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How to identify drug abuse

Identifying Addiction

Substance abuse treatment can be more successful when an alcohol addiction problem or a drug problem is identified in the early stages. If a person enters treatment early, before they hit rock bottom, they’ll typically have an easier time overcoming their addiction. How can you identify drug abuse? And what do you do next? More here, with a section for your questions at the end.

Identifying drug abuse

Overcoming drug abuse is one of the best things that a person can do for themselves. Not only will they be able to start working on a healthier lifestyle, but they’ll also have a safer and more stable home life. So, when identifying drug abuse, how do you start?

How to tell if someone has a problem with drug abuse

If you need to tell if someone has a problem with drug abuse or drug addiction, there are a number of physical and behavioral signs that you should watch for. Some of the most common signs are listed below.

  • anxiety and irritability
  • changes in attitude or friends with no identifiable cause or reason
  • confusion
  • constant need for money
  • hyperactivity or lethargy
  • mood swings
  • needle marks
  • physical withdrawal symptoms when not taking the drug
  • poor work or school performance
  • preoccupation with doing or obtaining drugs
  • problems with coordination
  • red eyes
  • runny nose
  • tremors and shakiness
  • unusual weight loss or weight gain

Before a person can enter drug abuse treatment, they must first be diagnosed with a drug addiction. This can be done by a general doctor or an addiction specialist, such as a licensed counselor or psychologist. After undergoing a physical examination, a person will then answer questions about their drug use. The physical examination and the answers to the questions will be used to help a doctor make a diagnosis.

Identifying drug abuse…now what?

FIRST, Select a treatment program. Getting a person into treatment when they are ready to address drug abuse is crucial. Once they are ready to enter treatment, they can meet with an addiction treatment for an assessment. But you probably need to do some ground work (research) first. Depending on a person’s individual situation, their addiction treatment plan might include inpatient or intensive outpatient treatment, followed by a stay in a halfway house. Recovering drug abusers can also expect to go to outpatient meetings for months or years after they complete their initial treatment.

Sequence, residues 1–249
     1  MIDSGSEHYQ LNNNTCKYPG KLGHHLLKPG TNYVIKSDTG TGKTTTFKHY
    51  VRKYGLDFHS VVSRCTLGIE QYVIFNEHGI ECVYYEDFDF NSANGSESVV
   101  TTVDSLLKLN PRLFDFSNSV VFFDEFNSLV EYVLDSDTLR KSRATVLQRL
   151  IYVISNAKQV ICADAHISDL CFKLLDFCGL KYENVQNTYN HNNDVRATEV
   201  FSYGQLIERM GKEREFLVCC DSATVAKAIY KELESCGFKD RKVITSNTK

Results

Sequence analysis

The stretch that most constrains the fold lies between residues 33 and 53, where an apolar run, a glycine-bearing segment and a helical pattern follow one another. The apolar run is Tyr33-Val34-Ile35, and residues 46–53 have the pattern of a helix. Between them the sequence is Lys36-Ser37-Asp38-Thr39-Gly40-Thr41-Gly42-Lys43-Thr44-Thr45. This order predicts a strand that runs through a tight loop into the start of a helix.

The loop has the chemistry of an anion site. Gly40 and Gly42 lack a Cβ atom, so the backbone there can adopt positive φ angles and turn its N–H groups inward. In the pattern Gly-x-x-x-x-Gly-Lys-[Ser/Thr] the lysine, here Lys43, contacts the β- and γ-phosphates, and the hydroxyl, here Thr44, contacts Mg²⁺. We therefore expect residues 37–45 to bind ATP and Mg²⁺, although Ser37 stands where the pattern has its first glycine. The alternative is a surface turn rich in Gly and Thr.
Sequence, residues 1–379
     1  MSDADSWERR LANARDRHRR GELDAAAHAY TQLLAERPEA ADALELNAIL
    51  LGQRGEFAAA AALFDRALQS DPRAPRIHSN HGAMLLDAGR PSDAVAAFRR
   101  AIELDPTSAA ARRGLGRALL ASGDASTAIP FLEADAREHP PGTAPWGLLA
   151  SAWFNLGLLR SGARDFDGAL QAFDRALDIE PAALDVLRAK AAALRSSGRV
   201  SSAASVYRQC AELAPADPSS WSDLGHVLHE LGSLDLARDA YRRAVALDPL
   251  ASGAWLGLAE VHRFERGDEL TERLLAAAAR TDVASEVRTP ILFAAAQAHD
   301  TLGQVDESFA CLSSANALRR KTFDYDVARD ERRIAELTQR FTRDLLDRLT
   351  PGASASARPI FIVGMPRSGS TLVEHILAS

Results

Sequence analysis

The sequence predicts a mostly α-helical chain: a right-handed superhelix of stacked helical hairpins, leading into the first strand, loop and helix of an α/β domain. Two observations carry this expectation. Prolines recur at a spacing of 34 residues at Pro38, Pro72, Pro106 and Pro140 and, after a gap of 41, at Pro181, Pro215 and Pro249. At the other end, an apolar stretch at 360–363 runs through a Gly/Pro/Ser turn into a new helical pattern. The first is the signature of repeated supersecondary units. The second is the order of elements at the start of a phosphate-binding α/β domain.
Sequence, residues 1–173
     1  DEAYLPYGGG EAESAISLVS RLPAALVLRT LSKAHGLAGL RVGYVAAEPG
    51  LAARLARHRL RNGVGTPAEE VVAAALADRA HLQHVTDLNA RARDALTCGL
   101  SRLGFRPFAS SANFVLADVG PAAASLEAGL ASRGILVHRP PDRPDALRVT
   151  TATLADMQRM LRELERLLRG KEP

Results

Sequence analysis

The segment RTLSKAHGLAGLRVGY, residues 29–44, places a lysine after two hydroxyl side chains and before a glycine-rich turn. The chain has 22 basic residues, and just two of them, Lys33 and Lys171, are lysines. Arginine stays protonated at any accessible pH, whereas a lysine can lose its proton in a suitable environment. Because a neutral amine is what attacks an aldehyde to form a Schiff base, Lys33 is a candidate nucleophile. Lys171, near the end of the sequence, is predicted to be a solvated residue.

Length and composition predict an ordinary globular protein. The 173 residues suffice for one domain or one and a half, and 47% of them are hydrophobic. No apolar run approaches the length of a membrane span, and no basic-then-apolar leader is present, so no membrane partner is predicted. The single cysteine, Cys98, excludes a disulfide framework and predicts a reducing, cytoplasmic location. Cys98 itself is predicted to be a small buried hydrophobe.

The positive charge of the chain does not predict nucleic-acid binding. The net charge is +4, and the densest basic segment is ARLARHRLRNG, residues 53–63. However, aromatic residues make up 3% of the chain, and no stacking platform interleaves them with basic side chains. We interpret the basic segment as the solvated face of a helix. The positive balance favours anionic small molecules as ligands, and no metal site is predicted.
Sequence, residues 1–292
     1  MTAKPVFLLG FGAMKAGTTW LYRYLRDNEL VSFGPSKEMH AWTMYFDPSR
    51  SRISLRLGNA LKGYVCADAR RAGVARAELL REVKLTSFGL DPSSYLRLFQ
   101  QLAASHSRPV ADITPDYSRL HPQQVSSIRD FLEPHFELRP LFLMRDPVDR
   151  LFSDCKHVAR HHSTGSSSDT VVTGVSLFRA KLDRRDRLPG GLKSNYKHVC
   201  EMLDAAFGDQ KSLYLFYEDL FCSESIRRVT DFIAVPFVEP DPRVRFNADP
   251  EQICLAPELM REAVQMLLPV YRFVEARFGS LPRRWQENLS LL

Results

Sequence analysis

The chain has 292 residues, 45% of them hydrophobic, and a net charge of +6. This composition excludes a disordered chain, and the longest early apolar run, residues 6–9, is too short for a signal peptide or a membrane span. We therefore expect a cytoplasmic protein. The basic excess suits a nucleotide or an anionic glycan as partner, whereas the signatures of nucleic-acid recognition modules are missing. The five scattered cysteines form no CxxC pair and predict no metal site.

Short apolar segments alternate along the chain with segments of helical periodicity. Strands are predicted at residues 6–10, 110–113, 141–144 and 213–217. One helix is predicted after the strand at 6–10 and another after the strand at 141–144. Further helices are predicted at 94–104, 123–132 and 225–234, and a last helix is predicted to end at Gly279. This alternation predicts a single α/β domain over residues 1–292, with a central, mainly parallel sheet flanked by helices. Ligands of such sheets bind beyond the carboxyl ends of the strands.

SECOND, Plan an intervention. Unfortunately, many drug addicts may be in denial about having a problem. In this case, they are unwilling to admit to themselves or others that they are addicted to drugs at all, and most likely believe that they can stop whenever they want. This typically isn’t the case, and they usually need to be convinced to go into drug rehab. This is when a planned and supervised intervention can help. During an intervention, a drug abusers loved ones gather together and confront them about how their drug abuse affects everyone around them. Speak with an addiction treatment center or a professional interventionist for more info.

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Help for drug abuse questions

Helping a loved one take the steps to overcome a drug abuse problem can be confusing, frustrating, and heartbreaking. Keep in mind that you’re not alone – we’re here to help you and your loved one every step of the way. So, please feel free to leave your concerns and questions about help for drug abuse in the comments section below, and we’ll get back to you as soon as we can.

Reference Sources: NIH: Signs of Drug Abuse and Addiction
Saint Paul Minnesota: Drug & Alcohol Abuse (signs & symptoms)
ABC Commission North Carolina: Signs and Symptoms of Drug Abuse

Leave a Reply

2 Responses to “How to identify drug abuse
robert
7:35 pm July 9th, 2016

We have a son that has been snorting oxy. My question is how long does it generally take to become addicted?
What is the best approach to take to intervene?

Lydia @ Addiction Blog
4:13 pm July 21st, 2016

Hi Robert. The sooner the better. Addiction is a disease to whole family, not just the consumer. Keep in mind that there’s no fixed frame to becoming addicted. Every human body reacts differently. I suggest that you look into the CRAFT model for families and interventions. One NGO called Allies in Recovery has some online reading that can help:
http://alliesinrecovery.net/about-craft/

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